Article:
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How well understood is the economic impact of the pandemic?

We get daily updates on the pandemic - but how well understood is the economic impact?  Investor confidence may be misplaced; history tells us that share prices can be a poor indicator of the global economy. Officially, the Bank of England and other central banks agree on stimulus and seem to welcome a little inflation. Governments are providing high levels of business and social support.  All looks like the right response, but is uncharted territory. An inflation shock may still lie ahead.

While the pandemic has closed some borders, the impact of distant economies can still be felt in Scotland. China and the US have unfortunately become less predictable. Differing responses to the pandemic around the world are beginning to create political tensions. Maybe not yet a new world order, but regional power has shifted. China has gained influence and is more in control of its own destiny: the US less so.

The last year has seen the Chinese economy grow despite the challenges to global supply chains.  Now the second biggest world economy, it is taking steps to reduce dependence on the US Dollar and to build more resilient supply chains. China’s foreign exchange reserves are the largest in the world and Beijing has recently created a digital version of its own currency, not linked to the Dollar-dominated global financial system. The next phase of China’s development may not be export-led but instead focus on boosting domestic demand. A rise in global food prices may be the result, exporting inflation that will feed into wages in the West.

In contrast, the stimulus programme in the US is truly exceptional. Financing this is now heavily dependent on the confidence of international investors; in terms of US ability to re-pay borrowings, to finance higher interest rates, or maintain the value of its currency. Printing money began as a fix for the financial crisis, but is now over-used around the world by most central banks.

For a UK economy with low growth, a little overheating may be welcomed. And the Pound still appears to be rebounding gradually from its Brexit sell-off.  But a stronger Pound coupled with supply chain challenges and travel restrictions, is not the best background for Scottish exporters. And, actions taken by most governments to give some temporary relief from tax and rents may be essential now, but could reduce flexibility in the economy in an upturn. There is a danger that intervention in the economy continues for too long, discouraging business investment and entrepreneurship. Western economies are rebalancing from one version of a mixed economy towards a new model - with bigger public investment and planning replacing market prices in areas of strategic national importance. Businesses must position themselves for this change, and renew their strategy with a clear sense of purpose at the top.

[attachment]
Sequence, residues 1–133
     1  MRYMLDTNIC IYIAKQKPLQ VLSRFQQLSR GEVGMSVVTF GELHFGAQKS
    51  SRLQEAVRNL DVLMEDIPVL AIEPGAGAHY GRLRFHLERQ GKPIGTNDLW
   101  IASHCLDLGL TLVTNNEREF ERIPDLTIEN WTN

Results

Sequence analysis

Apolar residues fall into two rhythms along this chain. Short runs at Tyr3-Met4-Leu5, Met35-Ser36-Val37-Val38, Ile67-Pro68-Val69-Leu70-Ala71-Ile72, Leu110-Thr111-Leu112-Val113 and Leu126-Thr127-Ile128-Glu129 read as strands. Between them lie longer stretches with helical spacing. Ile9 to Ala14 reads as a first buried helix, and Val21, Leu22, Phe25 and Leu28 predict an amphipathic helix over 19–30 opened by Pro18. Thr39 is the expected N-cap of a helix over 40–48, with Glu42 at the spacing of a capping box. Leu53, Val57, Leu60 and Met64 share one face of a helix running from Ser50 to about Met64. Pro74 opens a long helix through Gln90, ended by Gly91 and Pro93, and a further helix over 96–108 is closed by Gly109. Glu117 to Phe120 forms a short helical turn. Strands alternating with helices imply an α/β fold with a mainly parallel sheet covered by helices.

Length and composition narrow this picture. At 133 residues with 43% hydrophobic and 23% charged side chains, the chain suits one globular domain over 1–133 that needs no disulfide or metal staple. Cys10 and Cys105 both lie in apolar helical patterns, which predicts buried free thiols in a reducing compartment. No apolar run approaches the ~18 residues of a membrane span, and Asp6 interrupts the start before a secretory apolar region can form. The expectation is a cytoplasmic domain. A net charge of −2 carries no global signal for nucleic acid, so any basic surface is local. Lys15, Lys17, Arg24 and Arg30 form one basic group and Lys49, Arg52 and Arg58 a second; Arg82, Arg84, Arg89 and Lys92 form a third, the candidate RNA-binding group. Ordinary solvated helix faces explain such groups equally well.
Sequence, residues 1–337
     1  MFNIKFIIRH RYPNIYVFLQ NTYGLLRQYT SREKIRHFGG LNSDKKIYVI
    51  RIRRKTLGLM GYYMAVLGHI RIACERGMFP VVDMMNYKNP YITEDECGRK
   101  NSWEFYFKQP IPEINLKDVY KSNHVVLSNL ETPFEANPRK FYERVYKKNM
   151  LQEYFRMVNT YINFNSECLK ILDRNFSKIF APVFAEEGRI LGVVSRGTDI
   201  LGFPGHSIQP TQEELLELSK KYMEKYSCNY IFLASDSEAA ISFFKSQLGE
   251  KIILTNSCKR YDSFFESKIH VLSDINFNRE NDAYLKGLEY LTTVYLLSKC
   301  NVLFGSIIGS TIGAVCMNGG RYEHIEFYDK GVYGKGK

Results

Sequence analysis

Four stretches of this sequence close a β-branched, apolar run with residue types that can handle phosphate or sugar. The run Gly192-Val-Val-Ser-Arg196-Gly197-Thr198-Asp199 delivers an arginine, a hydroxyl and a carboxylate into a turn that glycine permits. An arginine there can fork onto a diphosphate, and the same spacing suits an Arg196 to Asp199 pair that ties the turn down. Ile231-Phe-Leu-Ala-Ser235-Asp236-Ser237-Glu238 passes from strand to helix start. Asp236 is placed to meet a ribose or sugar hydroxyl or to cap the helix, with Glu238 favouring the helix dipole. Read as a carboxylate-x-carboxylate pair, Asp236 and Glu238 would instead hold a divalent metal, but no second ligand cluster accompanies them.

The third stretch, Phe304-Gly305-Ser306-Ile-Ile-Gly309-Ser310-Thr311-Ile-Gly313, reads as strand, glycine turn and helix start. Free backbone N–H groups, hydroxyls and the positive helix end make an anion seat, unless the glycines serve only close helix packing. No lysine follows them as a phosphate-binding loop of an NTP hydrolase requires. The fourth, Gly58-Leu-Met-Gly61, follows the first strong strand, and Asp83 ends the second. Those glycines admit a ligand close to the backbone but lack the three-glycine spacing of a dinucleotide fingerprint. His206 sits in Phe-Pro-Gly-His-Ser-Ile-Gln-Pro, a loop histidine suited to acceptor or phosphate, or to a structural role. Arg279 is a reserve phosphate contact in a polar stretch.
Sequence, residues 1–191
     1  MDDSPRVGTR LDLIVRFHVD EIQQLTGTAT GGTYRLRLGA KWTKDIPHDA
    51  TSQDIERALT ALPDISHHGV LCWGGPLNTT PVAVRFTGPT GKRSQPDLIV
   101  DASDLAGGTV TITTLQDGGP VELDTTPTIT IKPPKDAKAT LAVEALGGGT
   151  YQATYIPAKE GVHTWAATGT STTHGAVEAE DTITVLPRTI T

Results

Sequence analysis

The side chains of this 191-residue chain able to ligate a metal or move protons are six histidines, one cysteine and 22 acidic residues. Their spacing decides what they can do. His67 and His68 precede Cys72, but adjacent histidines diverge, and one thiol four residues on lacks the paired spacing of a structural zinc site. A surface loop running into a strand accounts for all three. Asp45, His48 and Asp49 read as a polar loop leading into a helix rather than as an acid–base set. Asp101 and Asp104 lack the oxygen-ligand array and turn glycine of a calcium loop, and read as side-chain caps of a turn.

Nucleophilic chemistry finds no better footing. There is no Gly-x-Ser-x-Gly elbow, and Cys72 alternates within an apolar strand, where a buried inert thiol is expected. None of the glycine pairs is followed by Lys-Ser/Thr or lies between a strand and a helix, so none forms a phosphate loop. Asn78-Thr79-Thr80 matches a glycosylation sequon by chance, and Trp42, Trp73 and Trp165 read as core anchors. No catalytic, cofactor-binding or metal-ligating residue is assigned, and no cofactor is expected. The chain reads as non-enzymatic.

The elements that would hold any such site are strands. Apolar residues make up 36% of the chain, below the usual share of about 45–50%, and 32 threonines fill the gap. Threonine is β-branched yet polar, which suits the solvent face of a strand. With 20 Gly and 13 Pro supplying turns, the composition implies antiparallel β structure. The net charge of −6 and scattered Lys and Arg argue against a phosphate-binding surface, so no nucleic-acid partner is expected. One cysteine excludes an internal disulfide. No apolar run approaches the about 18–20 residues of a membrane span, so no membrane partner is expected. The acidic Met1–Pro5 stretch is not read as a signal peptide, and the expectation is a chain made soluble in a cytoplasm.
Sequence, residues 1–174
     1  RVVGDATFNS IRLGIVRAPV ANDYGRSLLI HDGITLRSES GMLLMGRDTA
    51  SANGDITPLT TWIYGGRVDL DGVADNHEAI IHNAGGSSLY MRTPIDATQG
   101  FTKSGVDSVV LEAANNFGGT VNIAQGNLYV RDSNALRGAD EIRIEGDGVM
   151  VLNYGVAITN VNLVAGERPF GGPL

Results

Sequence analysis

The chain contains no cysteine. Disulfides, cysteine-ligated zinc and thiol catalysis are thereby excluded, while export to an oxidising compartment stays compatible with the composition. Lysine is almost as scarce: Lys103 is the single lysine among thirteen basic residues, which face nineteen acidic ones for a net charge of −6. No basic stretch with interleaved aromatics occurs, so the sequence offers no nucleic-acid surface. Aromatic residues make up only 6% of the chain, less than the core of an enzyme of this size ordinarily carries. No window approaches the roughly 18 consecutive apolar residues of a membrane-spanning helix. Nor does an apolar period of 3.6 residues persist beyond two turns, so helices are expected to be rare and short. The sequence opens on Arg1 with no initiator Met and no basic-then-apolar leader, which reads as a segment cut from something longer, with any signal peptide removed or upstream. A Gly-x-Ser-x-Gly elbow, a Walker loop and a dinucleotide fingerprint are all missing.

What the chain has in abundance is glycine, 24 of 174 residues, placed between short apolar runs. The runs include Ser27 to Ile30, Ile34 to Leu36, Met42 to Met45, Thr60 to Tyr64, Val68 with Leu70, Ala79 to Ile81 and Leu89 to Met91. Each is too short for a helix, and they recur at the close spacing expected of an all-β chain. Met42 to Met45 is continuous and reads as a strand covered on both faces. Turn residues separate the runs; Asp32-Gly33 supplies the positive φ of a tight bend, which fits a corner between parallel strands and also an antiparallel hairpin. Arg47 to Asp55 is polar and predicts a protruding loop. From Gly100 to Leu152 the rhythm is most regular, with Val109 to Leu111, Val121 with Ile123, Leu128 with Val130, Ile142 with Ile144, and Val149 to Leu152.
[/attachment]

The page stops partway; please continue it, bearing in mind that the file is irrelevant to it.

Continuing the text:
US economic strategy is experimental, not only in terms of the level of stimulus but the degree of control on bond prices that is being attempted. The US Federal Reserve may no longer have the authority to dictate to global investors in this way. Buyers of US debt could decide to impose more financial discipline, triggering a shock in financial markets and currencies. Huge global stimulus should boost company profits over the next two years, but it could bring more volatility in currencies and interest rates.

After decades of low inflation, widespread faith in the power of central banks is understandable. Even after the financial crisis, inflation only briefly popped up and it seemed that an even greater stimulation might have been merited. Businesses should not delay in preparing for inflation and higher borrowing costs. More signs of overheating will emerge, causing supply disruption. Many businesses have never faced these challenges and may need to adapt their strategies. Inflation will be a real test of pricing power.

A version of this article was published on The Herald on 13/04/2021.